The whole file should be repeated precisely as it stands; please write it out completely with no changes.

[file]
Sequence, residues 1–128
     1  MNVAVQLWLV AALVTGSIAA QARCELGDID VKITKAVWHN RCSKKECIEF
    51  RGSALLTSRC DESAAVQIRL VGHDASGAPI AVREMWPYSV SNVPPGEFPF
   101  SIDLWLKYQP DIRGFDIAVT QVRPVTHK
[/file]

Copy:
Sequence, residues 1–128
     1  MNVAVQLWLV AALVTGSIAA QARCELGDID VKITKAVWHN RCSKKECIEF
    51  RGSALLTSRC DESAAVQIRL VGHDASGAPI AVREMWPYSV SNVPPGEFPF
   101  SIDLWLKYQP DIRGFDIAVT QVRPVTHK